Laini, your blog is just one of my favorite blogs, seriously. Not only do I find great artwork here but you always have some great story to tell. It is just so fun. I am not much of a writer myself so I really admire those who can express their thoughts this way. Anyway, thanks for sharing your great stories and insightful information. Brandi

Rozanne said...

I feel exactly the same way about PDX! I'd originally thought we'd move to Eugene, but it just didn't speak to us. Too small and just somehow lacking in that je ne sais crois that PDX has.

We've been living in PDX for 4.5 years now and we love it more and more every day. It is especially lovely at this time of year with all the out-of-control flora!

la vie en rose said...

pizza and sofas at the movie theater!?!?!?!?! i'm so jealous. portland sounds like a phenomenal city. i wanna come for a visit...

C. Delia said...

Everyone else already said it--this post is so wonderful! Reading this topic on everyone's blogs has made me feel a bit delusional for "where I live". But, Portland...oh, so so so lovely. Thank you for the tour...

Rampian said...

I think you've made everybody fall in love with Portland! I was even looking up Portland's Craigslist, looking at real estate prices that were half those in Berkeley. If only I could transport my friends and family with me!

megg said...

sigh. as always you have made me long to come and visit!! (You didn't mention the place that sells pancakes - we're going there right?!?!) xo

Little Swing Fairy said...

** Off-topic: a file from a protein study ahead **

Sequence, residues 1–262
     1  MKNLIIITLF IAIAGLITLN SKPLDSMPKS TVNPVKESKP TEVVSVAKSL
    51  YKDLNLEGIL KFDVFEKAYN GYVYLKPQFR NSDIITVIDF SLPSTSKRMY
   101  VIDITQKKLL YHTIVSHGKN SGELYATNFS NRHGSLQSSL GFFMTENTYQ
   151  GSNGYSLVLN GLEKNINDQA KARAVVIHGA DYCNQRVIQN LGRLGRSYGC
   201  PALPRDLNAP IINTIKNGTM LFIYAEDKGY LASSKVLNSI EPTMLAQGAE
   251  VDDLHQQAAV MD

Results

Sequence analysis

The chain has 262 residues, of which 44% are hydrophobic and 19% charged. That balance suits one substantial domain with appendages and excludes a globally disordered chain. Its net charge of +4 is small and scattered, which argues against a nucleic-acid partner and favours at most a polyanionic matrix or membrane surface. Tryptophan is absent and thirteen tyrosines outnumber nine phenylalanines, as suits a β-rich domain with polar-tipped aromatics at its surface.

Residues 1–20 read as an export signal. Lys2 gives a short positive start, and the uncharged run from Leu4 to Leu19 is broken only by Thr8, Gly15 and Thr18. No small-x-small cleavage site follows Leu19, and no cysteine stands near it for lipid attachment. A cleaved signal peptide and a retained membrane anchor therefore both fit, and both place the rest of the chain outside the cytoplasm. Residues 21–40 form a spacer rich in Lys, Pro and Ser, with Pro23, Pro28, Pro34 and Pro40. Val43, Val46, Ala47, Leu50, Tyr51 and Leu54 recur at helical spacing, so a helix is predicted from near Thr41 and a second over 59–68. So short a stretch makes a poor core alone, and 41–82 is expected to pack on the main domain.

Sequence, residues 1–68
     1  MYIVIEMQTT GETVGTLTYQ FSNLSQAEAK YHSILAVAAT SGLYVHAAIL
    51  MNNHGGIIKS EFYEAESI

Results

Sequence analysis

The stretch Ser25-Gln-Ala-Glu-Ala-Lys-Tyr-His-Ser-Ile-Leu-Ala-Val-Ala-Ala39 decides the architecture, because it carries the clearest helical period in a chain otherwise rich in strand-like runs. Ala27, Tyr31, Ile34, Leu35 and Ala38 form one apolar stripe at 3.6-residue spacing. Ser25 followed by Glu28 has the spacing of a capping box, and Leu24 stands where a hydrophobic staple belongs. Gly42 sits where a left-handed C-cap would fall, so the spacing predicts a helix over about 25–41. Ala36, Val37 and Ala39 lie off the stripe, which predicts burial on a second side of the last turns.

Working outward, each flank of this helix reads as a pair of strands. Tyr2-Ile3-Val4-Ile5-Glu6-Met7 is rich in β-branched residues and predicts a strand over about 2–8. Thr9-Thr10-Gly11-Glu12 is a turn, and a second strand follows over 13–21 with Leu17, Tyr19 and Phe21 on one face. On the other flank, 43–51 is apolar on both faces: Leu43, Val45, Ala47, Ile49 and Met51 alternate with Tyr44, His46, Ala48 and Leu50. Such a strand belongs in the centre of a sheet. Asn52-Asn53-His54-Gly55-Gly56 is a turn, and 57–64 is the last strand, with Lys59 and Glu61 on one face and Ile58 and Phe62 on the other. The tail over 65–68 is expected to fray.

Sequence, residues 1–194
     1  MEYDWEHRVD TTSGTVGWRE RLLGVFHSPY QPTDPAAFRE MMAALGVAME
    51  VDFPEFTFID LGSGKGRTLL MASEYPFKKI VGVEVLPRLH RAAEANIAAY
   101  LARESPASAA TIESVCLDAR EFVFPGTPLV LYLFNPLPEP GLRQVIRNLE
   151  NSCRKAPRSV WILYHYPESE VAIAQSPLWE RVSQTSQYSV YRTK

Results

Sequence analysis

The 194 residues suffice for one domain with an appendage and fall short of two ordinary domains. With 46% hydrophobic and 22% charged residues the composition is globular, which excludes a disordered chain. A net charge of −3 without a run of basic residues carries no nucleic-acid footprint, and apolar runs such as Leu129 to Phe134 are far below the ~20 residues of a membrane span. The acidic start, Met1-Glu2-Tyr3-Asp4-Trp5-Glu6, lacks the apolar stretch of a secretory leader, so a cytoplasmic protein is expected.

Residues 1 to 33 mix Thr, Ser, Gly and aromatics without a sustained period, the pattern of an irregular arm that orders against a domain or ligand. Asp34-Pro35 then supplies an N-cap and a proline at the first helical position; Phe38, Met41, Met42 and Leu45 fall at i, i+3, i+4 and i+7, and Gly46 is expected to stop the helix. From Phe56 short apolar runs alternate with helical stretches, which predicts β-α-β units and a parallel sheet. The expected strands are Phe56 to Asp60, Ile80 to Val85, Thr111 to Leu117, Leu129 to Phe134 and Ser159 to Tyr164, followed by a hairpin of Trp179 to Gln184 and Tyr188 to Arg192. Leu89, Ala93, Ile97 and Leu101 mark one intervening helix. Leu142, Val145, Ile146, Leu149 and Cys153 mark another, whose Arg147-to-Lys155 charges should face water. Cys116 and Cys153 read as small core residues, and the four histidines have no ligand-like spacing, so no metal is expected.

You make Portland sound like a mecca...and I HAVE always wanted to visit you. Vist me in the lowlands I will visit you in your littl piece of heaven.. ;-)

Lori

Jamie said...

What a beautiful place you've found. I've heard what a special place Portland is, and I believe the rumours are true. I'm glad you've found a creative home.

albina said...

Roses growing like weeds, ah, to be do lucky… I drove the coast of Oregon, but sort of zoomed through Portland, now I wished I were not in such a mad dash to the border…It sounds like a great place to live, thanks for the story.

Kristine said...

I remember the migration... so sad. Yet I am glad you found a place that pleases you as much as Portland!

Marilyn said...

What a fantastic description of one of my favorite places! :) Laini, it was fabulous to meet you in person...you are brimming with life and passion and ideas. It's so lucky for all of us that you've joined the blogosphere and are sharing elements of those parts of yourself with us here.

Caroline said...

I'm left wondering how to sing the song of a cottage.

beautifully written and sorry I didn't get to write anything but it would have gone like this:

I'm living where I am now becuase we tried to sell and no-one bought...

;-)

Earth Monkey said...

hi laini ~ what a great beautifully written journey. i cannot even imagine the venture of living in a motel and buying property like that. what a courageous journey. i am such a dreamer... dreaming to live elsewhere one of these days. LA has lost it's lustre - that is if it ever really had it for me being that I have grown up here. it is so great that you fell in love with where you live. i know i take plenty for granted and in reading this i do feel lucky to some degree for what I have... but still hopeful that i can fall in love someday with where i live. Portland is beautiful. I have been there once and visited a tiny shopping area that i fell in love with. I cannot recall the name of the street, though. The northwest is great... coffee houses that are REALLY coffee houses and pubs that are REALLY pubs. Thanks for sharing your story!